BBC officials repeatedly altered the Wikipedia internet encyclopaedia to water down attacks on the corporation, The Independent on Sunday can disclose.
The changes are among tens of thousands of edits made by staff in public authorities, including local councils, police forces, government departments and MPs' offices. Many more were made from computers registered to UK-based companies, charities and even the official residence of the Prince of Wales.
An investigation of "anonymous" edits on the site has revealed that the broadcaster's staff rewrote parts of a page entitled "Criticism of the BBC" to defuse press attacks on "political correctness". Also included in more than 7,000 Wikipedia edits by BBC workers are unflattering references to rival broadcasters and even the corporation's biggest names.
An entry claiming that a BBC report found the organisation was "out of touch with large swathes of the public and is guilty of self-censoring subjects that the corporation finds unpalatable" was replaced with a brief paragraph saying the document "explored issues around impartiality".
Wikipedia is visited by more than 7 per cent of internet users every day. But its "open-source" nature, meaning anyone can edit entries, has left it open to abuse. It emerged yesterday that Google is working on a rival to Wikipedia.
The official sources of some 34 million Wikipedia changes, which range from the banal and bizarre to the racist, anti-Semitic and homophobic, were exposed by an online tool developed by a US computer expert. Virgil Griffith's Wikiscanner showed that organisations including the CIA, the Vatican and the Labour Party had altered Wikipedia pages, sometimes to correct errors but often to vandalise sites or remove damaging material. It detailed how thousands of civil servants logged on to change entries. The Ministry of Defence, the Scottish Parliament and British Airways have all confirmed they are looking into the issue.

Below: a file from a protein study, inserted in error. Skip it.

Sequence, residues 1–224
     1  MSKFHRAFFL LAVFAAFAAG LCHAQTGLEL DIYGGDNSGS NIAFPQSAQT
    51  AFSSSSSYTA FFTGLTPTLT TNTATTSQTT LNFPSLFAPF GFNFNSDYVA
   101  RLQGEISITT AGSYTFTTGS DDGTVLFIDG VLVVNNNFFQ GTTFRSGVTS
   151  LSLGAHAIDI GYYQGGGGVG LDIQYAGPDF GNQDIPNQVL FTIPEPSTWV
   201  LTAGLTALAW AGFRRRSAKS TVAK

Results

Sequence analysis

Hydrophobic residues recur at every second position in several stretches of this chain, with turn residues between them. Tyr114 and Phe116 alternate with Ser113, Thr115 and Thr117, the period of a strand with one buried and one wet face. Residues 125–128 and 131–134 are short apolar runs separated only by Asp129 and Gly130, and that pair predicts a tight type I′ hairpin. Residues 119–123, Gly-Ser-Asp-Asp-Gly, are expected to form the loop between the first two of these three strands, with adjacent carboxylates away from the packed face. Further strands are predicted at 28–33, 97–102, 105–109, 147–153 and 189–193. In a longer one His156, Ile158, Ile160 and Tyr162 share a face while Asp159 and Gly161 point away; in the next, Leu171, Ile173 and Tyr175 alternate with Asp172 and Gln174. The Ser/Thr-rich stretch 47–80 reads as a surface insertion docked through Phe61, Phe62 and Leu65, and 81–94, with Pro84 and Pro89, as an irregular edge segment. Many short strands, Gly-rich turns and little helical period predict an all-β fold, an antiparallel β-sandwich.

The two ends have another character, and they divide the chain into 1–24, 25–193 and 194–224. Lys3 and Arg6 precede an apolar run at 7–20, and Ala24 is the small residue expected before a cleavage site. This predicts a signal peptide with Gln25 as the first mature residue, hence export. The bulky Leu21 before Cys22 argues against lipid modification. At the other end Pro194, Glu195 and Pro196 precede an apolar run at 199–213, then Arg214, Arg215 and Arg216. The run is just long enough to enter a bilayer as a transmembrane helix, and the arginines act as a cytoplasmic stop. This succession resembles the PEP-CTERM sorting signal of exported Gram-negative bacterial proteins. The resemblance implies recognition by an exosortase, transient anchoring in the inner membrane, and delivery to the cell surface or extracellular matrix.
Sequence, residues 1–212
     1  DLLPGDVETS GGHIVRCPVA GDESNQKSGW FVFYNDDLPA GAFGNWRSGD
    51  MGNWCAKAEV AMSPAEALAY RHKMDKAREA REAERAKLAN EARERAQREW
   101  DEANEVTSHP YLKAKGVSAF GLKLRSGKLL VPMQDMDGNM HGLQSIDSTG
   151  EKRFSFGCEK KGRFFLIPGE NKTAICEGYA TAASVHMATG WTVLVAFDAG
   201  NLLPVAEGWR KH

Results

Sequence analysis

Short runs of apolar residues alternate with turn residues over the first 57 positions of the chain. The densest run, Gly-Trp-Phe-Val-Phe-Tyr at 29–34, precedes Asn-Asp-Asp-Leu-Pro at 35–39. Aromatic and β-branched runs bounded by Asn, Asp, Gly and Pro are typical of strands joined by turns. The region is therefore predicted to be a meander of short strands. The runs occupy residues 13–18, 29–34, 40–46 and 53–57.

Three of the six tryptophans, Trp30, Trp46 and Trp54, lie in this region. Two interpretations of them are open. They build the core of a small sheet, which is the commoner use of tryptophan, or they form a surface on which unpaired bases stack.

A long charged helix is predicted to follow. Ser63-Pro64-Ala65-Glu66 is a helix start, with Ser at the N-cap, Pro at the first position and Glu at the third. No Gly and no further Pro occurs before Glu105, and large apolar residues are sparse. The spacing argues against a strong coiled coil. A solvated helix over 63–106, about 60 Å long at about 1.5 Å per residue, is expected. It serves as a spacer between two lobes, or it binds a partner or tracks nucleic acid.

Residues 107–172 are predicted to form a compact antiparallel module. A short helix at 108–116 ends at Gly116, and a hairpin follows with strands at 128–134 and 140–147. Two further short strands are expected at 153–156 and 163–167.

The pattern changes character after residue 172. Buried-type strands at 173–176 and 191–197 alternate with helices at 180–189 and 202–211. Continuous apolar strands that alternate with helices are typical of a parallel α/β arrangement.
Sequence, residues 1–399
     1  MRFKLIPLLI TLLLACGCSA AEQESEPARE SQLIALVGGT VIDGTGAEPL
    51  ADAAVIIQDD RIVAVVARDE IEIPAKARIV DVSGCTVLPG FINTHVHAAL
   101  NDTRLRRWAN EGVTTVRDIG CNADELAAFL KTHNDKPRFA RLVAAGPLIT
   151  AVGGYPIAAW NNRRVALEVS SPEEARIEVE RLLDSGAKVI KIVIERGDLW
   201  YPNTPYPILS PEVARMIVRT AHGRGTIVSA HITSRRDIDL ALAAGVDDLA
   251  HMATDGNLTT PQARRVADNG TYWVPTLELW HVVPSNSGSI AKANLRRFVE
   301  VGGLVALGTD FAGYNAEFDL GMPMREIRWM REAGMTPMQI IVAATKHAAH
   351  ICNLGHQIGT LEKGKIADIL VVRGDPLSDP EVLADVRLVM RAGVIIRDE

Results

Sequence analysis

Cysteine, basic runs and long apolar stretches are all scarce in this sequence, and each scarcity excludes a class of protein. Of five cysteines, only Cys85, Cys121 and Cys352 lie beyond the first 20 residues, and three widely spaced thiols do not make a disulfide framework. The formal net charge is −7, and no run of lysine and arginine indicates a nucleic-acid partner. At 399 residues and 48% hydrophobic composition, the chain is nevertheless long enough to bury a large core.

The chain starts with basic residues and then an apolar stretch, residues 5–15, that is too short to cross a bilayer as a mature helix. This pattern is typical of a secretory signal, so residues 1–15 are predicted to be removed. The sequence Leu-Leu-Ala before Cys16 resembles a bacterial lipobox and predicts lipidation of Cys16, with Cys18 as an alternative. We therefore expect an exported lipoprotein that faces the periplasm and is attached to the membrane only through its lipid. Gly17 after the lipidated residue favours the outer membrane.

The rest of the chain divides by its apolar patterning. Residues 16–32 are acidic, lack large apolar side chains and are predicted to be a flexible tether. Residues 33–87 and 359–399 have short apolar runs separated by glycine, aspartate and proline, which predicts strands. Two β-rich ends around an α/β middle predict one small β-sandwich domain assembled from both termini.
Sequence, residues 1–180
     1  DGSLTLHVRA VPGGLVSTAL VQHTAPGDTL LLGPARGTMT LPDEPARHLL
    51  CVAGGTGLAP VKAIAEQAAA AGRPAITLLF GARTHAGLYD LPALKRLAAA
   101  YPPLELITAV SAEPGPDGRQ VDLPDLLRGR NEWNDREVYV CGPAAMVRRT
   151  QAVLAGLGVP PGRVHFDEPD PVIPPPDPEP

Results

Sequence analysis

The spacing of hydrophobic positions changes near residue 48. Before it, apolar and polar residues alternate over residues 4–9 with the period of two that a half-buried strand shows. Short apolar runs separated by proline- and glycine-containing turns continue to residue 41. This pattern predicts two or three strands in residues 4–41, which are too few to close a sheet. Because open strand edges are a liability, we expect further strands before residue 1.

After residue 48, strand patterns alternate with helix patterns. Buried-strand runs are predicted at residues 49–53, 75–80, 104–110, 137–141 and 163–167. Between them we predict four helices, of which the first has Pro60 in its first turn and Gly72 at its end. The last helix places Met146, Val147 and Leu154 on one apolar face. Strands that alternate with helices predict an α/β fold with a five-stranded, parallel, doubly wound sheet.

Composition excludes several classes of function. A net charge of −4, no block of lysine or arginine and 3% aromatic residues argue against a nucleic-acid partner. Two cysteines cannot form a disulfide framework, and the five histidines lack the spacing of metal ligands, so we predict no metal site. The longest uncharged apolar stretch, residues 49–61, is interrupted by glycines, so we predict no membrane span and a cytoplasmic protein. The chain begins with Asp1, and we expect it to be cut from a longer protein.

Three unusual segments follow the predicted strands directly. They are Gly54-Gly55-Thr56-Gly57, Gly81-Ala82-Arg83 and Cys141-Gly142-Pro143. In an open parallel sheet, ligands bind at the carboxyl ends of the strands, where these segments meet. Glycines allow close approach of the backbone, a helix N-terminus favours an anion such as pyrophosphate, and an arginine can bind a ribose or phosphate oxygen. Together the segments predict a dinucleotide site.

Late last December, a BBC-registered machine changed a section title from "Political Correctness" to "Impartiality Seminar" on a page called "Criticism of the BBC". There was heavy reworking of an account of newspaper reports about a meeting in September 2006 at which a senior executive admitted "there was widespread acknowledgement that we may have gone too far in the direction of political correctness. Unfortunately, much of it is so deeply embedded in the BBC's culture, that it is very hard to change it."
Elsewhere on the website, a BBC user questions the suggestion that "Channel 4 has a reputation in Britain for championing high culture", with the riposte "Big Brother etc ???". Colleagues have entered waspish comments on pages dedicated to BBC "talent", including Jonathan Ross, Adrian Chiles and Natasha Kaplinsky.
At the MoD, one member of staff altered a page on the US Air Force to criticise American pilots' record of "blue-on-blue" killings, amending the motto "No one comes close" with the addition: "(to our friendly fire bombing record)". House of Commons machines were also responsible for the addition of "seen as a rising star" to the page on shadow business minister Mark Prisk. A Westminster user is credited with writing that the Secretary of State for Communities, Hazel Blears, "has proved to be an effective performer and is tipped to rise to the top of the Labour Party".
A BBC spokesman said staff should use the internet "in a manner that's consistent with the BBC's values of accuracy and impartiality". He added: "At no time should that use bring the BBC into disrepute."
To have your say on this or any other issue visit www.independent.co.uk/IoSblogsReuse content